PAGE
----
Check out these quick tips for using EQ properly when mixing your tracks.

Equalization (EQ) is the most useful tool a music producer has for mixing. It changes the frequency response of each sound in the track, however you want.

Use equalizers to adjust the various frequencies of your instruments, shaping each sound. The main goal when EQing during mixing is usually to get the instruments in your track to blend together smoothly, so there’s enough room for each of them.

Here are five tips to bear in mind as you start playing around with EQ for a successfully mixed track.

Mix with your ears, not your eyes

EQ plugins on most DAWs show you the frequency response of your track, an analyzer feature so that you can see the changes you’re making to your track as you go. But try not to let what you see affect the way you hear the music – ultimately, its the sound that’s vital.

Certain frequencies have special sound characteristics

The human ear can detect frequencies from around 20 Hz to 20,000 Hz (20 kHz) – the frequency spectrum. Certain frequencies within the spectrum generally have specific sound characteristics:

Be radical

It doesn’t really matter what anyone says – do whatever it takes to make your mix sound good, even if that means cuts or boosts as great as 12dB. You want to make sure that all the tracks blend together as well as possible.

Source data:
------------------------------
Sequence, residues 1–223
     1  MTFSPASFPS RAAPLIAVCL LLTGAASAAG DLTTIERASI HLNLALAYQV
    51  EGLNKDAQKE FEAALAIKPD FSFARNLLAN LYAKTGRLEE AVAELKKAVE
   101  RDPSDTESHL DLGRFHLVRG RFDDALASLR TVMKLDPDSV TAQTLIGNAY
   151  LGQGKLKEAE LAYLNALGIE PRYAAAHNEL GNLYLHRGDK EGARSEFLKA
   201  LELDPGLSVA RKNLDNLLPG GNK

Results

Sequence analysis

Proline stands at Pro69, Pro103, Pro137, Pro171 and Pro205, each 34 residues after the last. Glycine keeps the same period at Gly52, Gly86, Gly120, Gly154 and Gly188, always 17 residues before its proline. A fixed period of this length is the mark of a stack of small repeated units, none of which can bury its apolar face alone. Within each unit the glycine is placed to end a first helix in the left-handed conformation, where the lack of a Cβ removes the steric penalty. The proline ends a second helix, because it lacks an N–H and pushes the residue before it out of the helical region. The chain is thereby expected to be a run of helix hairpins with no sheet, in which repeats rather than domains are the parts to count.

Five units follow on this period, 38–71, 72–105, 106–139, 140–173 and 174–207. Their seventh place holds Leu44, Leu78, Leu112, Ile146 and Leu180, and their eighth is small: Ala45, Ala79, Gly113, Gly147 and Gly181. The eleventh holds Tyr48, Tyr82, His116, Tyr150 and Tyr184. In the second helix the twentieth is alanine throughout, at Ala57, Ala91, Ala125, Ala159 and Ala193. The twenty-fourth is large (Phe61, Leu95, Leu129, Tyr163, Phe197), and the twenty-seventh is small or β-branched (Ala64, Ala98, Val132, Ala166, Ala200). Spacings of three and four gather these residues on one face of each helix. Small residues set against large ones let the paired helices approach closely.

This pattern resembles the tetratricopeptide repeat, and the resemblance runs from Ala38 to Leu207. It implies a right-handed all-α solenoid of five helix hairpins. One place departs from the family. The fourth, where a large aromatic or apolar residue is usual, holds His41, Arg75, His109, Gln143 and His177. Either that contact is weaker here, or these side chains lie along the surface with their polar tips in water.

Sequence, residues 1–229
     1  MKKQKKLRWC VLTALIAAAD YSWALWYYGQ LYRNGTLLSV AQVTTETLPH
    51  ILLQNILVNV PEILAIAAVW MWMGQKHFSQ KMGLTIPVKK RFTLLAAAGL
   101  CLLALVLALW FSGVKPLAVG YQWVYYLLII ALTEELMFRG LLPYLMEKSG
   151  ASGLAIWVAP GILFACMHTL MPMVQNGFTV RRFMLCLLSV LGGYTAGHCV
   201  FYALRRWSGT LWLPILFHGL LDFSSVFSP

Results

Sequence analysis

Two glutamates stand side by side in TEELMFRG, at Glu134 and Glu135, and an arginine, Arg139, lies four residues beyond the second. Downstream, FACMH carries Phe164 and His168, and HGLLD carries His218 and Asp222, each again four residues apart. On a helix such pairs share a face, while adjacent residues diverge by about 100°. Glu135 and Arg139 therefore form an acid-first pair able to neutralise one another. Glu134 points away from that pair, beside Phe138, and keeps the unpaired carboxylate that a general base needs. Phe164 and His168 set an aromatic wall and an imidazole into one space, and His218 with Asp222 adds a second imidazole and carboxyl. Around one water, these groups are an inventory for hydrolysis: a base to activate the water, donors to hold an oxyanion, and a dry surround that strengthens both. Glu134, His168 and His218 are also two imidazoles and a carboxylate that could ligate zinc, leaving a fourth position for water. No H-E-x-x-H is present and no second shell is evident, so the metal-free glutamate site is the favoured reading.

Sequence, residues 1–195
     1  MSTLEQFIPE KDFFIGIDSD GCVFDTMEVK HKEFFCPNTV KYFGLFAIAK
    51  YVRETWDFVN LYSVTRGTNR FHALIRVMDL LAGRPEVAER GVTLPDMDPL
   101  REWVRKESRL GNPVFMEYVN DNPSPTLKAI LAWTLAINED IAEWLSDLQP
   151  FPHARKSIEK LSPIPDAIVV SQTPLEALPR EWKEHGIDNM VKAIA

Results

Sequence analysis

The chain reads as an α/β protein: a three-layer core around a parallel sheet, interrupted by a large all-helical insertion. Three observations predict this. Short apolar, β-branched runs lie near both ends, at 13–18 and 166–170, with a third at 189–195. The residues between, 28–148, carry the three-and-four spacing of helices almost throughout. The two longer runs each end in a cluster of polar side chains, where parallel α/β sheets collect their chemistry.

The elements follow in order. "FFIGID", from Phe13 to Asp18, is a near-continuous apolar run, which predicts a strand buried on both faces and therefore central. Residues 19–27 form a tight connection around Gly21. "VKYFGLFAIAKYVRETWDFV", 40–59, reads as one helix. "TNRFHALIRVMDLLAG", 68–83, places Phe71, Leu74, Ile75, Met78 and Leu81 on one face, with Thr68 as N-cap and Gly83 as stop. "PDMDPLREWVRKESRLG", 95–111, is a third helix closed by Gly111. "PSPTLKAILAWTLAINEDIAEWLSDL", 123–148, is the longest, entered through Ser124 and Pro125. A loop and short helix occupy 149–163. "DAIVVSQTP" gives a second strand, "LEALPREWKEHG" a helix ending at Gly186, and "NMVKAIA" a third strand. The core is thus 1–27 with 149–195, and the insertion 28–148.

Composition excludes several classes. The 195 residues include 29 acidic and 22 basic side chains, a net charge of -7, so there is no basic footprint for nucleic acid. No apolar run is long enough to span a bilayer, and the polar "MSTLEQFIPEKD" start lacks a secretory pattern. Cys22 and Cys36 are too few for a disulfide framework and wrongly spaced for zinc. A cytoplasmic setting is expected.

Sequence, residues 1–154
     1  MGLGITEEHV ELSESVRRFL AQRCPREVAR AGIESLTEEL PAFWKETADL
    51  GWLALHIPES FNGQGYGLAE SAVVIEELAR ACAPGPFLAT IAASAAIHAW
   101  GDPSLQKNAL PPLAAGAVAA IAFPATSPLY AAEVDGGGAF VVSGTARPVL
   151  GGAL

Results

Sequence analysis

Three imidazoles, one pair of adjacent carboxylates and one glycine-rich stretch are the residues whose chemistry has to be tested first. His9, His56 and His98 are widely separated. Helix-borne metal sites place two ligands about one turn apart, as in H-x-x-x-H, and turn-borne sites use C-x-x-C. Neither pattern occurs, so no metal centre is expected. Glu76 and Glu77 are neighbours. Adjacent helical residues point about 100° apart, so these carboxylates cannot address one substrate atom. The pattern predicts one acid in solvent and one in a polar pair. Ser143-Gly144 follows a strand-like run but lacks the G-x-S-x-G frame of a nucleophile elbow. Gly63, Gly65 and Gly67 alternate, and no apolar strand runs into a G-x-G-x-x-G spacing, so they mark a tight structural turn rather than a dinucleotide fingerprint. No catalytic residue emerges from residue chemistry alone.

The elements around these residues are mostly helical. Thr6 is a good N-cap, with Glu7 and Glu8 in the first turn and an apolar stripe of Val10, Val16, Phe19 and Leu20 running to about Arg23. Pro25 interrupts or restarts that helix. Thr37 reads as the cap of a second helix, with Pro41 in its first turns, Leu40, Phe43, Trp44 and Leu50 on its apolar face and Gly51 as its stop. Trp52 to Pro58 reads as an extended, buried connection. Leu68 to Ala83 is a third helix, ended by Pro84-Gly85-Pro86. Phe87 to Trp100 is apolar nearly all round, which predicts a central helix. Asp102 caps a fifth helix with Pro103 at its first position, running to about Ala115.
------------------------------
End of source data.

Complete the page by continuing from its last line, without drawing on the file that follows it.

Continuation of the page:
And on the opposite end, push boosts, cuts and filters further to use as sound design tools, to sculpt your sounds in exciting colourful ways.

Try using EQ in two stages when mixing

Split the process up – shaping EQ first, with boosts and cuts, then corrective EQ, which is usually reductions to clear space for other sounds. By putting these moves into two separate EQs, you won’t lose any shape created before corrective EQing.

Take for example if you had EQed a keyboard to sound brighter, only to find that your vocal and keyboard now have a similar sound in the mix. Open up a new EQ to make a pocket for the vocal by clearing some space in the keyboard, and you won’t lose the shape of the keyboard that you perfected in your first EQ.

Don’t get wrapped up in EQing when recording

If you’re recording live instruments to your track, don’t worry too much about perfecting the EQ. Use EQ at this initial stage to get rid of any obvious unwanted frequencies picked up by a mic – but generally as long as there’s a good, clean sound, save EQing for your mixing.

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